Persimmon lemon marmalade is a creamy, tart condiment, perfect for spreading on toast and biscuits.
Mixing flavors to create new and exciting recipes is what canning and cooking are all about for me. The flavor combination of lemon marmalade and persimmon butter was a huge success!
The creamy texture of persimmons and the and tartness of Meyer lemons meld together to create a wow-za mouthful of flavors in this persimmon lemon marmalade recipe.
Persimmon Meyer Lemon Marmalade
- 4 cups peeled and chopped persimmons
- 3 cups Meyer Lemons
- 3 ½ cups sugar
- Clean the lemons and persimmons using cold water, rubbing gently with a clean cloth or soft food brush
- Cut the lemons in half and juice, reserve juice
- Using a very sharp knife, slice the lemons crosswise as thinly as possible to achieve a smoother, creamier marmalade. A time consuming effort but well worth the time, it really makes a big difference in the marmalade texture.
- Peel persimmons and discard peels, cut persimmons into chunks
- Add lemons to a large heavy bottom stock pot and cover them with cold water.
- Bring to a boil until the lemon peel is tender, about 10-15 minutes.
- Drain and rinse the peels thoroughly with cold water. Rinse out the pot too.
- Return lemons to the pot, add chopped persimmons and 1 ½ cups water and bring to a boil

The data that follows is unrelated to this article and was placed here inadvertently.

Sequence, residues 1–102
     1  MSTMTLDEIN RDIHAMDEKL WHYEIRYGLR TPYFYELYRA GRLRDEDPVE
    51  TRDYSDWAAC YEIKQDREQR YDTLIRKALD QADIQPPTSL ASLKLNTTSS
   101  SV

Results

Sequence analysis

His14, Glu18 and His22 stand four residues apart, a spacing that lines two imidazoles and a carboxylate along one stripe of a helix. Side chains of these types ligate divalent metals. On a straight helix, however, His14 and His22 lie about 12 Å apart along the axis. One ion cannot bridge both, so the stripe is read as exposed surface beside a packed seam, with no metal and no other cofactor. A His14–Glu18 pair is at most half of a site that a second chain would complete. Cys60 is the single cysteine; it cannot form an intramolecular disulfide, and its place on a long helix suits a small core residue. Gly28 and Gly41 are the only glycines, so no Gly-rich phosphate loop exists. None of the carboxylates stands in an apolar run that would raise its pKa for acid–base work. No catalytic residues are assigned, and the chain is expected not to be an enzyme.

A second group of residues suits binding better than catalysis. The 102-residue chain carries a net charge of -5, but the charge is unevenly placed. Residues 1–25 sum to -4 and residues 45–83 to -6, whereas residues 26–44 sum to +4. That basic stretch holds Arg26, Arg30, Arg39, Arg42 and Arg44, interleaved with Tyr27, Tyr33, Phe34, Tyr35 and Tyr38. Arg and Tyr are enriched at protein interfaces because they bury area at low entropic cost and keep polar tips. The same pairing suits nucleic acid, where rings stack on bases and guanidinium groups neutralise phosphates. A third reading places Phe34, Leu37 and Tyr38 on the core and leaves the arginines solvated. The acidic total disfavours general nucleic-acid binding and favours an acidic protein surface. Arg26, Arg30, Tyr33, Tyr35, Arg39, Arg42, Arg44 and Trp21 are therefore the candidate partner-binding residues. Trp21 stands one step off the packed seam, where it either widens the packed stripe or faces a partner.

- Stir in 3 ½ cups sugar
- Reduce heat to simmer. Cook until mixture is thick and creamy, about 1 hour
- Taste and add up to 1 ½ cups sugar to taste.
- Stir in ½ cup reserved lemon juice
- (freeze or can remaining juice after removing pips)
- Remove marmalade from heat
- Pips will turn a dark brown during cooking, remove as many as possible before packing jars
- Pour hot marmalade into prepared jars leaving ¼ inch headspace, using a butter knife, remove air bubbles by sliding the blade around the jar edges
- Wipe rims with clean towel and cover with lids and rims
- Process in a hot water bath for 15 minutes
- For detailed sterilization instructions visit this link: http://wp.me/p2MUuI-sr
- Disclaimer: When canning always follow the manufacturer's guidelines for jar sterilization and processing foods. See National Center for Home Food Preserving (http://nchfp.uga.edu/publications/publications_usda.html)